GUEST POST from Don: Fun Facts About Carpenter Ants

I’m coming up on 30 years in pest control.  After a few years as an employee, I became an owner.  Now I am an employee again (in another state).  I’m not paid as much working as an employee, but I don’t have to answer calls on weekends or deal with big issues.  I have seen things most people never imagine.  Some are even interesting.

A few years ago I took pictures of “Carpenter ant trails” in the grass.  Those ants sometimes wear grooves in the grassy soil and move blades of grass out of the way.

Ant trail in grass. Not a great picture since it was about to rain (heavily overcast)

A number of times I have observed Carpenter ants moving their entire colony to a new location.  If a storm blows down their nesting tree, they will move to a pre-selected satellite site that was prepared for that possibility.  The workers carry EVERYTHING to the new location, including eggs, larvae, young, their food supply, and the queen (she is too heavy to travel that far on her own).  It is one huge train of ants.

Once I opened up a colony and found their “food pantry.”  They had everything sorted into types and sizes.  In one gallery were dead spiders, another had beetles, another was small seeds, yet another was larger seeds.  Carpenter ants don’t want the same meal every day, so they go to the “pantry” to select their ingredients for that day.  Adult ants don’t chew well, so they take those ingredients to the larvae to get it chewed, they ask for some of the chewed food back.

The ants don’t like clutter on their trails.  Ants walking across a beam in one high-ceilinged living room kept tossing old construction sawdust over the side.  That is how we found out they were there.  They toss lots of things out of the hidden colonies, too.  Insect exoskeletons, sawdust, even ant poop.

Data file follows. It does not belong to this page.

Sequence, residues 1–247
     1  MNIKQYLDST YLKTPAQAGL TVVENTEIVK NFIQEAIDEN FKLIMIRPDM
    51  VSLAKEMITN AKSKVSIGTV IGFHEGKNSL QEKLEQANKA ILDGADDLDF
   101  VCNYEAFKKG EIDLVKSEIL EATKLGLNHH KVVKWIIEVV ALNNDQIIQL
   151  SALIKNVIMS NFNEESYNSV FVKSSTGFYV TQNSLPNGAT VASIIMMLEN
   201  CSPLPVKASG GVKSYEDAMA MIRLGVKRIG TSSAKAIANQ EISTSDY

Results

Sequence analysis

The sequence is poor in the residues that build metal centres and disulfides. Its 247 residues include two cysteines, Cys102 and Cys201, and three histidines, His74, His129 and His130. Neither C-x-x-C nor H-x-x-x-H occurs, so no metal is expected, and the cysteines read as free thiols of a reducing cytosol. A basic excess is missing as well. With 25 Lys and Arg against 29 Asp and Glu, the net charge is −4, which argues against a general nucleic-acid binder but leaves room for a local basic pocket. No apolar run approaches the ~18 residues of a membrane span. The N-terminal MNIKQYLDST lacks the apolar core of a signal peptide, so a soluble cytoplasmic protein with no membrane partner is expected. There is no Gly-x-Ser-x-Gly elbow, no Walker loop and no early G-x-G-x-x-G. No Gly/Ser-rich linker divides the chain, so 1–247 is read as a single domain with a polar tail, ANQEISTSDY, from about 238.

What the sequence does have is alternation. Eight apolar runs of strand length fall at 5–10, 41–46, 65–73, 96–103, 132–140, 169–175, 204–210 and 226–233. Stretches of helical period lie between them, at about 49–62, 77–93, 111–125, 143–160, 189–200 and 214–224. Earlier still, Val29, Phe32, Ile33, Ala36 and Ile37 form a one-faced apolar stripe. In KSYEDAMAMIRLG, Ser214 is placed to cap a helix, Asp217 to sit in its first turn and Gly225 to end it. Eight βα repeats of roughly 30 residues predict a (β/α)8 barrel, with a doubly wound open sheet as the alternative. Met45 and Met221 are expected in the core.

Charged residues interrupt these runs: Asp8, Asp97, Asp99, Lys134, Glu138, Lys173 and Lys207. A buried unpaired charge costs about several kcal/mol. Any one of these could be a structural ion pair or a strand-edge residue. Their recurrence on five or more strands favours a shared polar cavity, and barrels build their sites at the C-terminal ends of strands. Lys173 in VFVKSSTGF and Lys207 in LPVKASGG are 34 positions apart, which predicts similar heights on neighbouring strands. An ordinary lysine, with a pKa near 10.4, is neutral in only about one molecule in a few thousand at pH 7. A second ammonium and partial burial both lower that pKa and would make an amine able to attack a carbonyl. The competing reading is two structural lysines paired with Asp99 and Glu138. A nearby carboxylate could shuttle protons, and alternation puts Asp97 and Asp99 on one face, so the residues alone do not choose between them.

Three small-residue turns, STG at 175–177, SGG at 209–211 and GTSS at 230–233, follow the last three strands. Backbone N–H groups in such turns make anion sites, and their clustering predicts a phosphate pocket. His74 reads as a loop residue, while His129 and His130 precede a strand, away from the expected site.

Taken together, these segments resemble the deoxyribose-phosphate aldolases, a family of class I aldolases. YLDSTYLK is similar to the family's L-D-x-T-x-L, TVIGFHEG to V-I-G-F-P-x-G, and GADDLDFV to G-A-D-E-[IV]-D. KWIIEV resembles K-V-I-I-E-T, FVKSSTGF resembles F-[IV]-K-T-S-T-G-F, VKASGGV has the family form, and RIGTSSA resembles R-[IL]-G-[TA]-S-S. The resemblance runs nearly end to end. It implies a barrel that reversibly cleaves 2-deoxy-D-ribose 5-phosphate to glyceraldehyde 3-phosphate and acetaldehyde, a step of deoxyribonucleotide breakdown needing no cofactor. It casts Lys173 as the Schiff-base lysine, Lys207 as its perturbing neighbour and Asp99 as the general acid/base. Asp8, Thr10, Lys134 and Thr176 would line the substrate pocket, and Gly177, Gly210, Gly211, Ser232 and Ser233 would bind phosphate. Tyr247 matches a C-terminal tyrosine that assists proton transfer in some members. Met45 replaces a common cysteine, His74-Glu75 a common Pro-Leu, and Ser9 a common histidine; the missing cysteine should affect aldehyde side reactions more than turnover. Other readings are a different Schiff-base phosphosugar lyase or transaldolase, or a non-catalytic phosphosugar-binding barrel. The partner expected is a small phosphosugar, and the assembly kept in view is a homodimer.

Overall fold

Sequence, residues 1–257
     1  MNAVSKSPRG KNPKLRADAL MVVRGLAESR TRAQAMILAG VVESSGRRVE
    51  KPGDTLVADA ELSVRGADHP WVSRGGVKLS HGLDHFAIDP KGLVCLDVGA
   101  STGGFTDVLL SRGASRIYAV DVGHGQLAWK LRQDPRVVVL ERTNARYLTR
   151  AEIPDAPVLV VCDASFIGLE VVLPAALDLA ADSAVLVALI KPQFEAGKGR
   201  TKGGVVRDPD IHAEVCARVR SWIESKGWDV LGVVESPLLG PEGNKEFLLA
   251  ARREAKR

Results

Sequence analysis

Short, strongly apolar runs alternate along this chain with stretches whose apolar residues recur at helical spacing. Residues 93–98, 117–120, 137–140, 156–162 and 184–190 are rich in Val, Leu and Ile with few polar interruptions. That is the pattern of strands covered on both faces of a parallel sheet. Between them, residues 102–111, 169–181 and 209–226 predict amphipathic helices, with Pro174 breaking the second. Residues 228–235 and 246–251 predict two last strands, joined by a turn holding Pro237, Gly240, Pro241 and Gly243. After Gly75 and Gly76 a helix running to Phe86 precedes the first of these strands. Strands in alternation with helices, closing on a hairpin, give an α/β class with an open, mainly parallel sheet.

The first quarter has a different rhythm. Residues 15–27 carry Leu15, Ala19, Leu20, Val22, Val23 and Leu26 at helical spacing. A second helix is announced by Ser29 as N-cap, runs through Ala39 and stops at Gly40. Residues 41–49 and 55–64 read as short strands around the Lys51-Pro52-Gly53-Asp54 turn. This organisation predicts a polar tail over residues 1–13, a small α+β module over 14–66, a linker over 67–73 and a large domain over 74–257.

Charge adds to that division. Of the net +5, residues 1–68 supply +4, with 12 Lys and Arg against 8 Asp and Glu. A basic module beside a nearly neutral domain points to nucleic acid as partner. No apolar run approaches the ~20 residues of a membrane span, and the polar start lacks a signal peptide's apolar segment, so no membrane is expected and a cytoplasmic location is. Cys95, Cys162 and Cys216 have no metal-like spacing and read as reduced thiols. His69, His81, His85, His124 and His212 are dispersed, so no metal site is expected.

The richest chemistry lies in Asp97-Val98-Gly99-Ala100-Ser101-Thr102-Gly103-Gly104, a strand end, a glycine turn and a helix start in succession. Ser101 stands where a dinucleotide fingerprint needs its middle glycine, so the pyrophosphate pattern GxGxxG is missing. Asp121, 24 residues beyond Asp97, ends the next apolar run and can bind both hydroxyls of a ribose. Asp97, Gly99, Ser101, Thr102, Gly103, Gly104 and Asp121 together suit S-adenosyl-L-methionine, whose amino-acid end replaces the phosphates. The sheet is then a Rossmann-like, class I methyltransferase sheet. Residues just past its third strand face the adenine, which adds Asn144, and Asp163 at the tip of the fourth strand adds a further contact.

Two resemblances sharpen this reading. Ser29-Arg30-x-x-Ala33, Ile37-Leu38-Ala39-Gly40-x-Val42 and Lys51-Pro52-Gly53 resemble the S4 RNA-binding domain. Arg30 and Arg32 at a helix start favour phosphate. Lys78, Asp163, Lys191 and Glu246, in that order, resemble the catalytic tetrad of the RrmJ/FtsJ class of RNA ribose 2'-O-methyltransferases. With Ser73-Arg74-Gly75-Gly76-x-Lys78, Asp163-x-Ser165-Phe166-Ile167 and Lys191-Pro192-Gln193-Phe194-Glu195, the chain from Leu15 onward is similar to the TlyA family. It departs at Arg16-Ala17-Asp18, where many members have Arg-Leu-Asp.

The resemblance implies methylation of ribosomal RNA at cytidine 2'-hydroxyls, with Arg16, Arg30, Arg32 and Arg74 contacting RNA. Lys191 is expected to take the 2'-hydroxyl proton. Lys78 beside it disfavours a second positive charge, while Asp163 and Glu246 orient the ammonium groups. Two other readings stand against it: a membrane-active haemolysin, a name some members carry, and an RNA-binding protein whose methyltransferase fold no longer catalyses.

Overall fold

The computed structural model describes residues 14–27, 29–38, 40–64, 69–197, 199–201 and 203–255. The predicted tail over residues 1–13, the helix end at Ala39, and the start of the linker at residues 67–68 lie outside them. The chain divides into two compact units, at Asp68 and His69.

While doing pest inspections for new buyers, I would sometimes find Carpenter ants hiding behind fiberglass insulation.  Fiberglass fibers are fairly straight, so when I would see a bit of fiber-fuzz I would know ants were nesting behind the insulation panel.  One time I took a picture, replaced the insulation and noted the colony (and location) on the form.  The sellers hired Company X to treat and their tech totally missed the obvious clue.  Then I was called to re-treat when the new owner moved in.  When I pulled back the insulation there was the entire colony.  Sometimes if you miss the big glaring clue you solve nothing.

Ant colony behind fiberglass insulation in a basement. Can see insulation at right. This is a main colony … there are masses of eggs.

They love smooth surfaces.  So, that fence or electric line that attaches to your house could be an ant superhighway to their new home.  Once a family decided to remove an old tree from their back yard.  The electric line used to go right through the branches.  Well, the ants from the main colony, looking for their satellite colony that had been in the tree, found the house instead.  The family was not thrilled to find hundreds of ants in the upstairs bedroom.  I do not think the ants were thrilled either since someone had removed their satellite colony.

How would you like to work your entire adult life alongside 1,200 of your sisters?  Then when you die they hold a service in your honor where they tear you into chunks and feed you to the ant larvae!!!  That’s called the “Carpenter ant retirement plan.”  No rocking chairs for the aged in the animal kingdom.

This is not the stuff you read about in Wikipedia.


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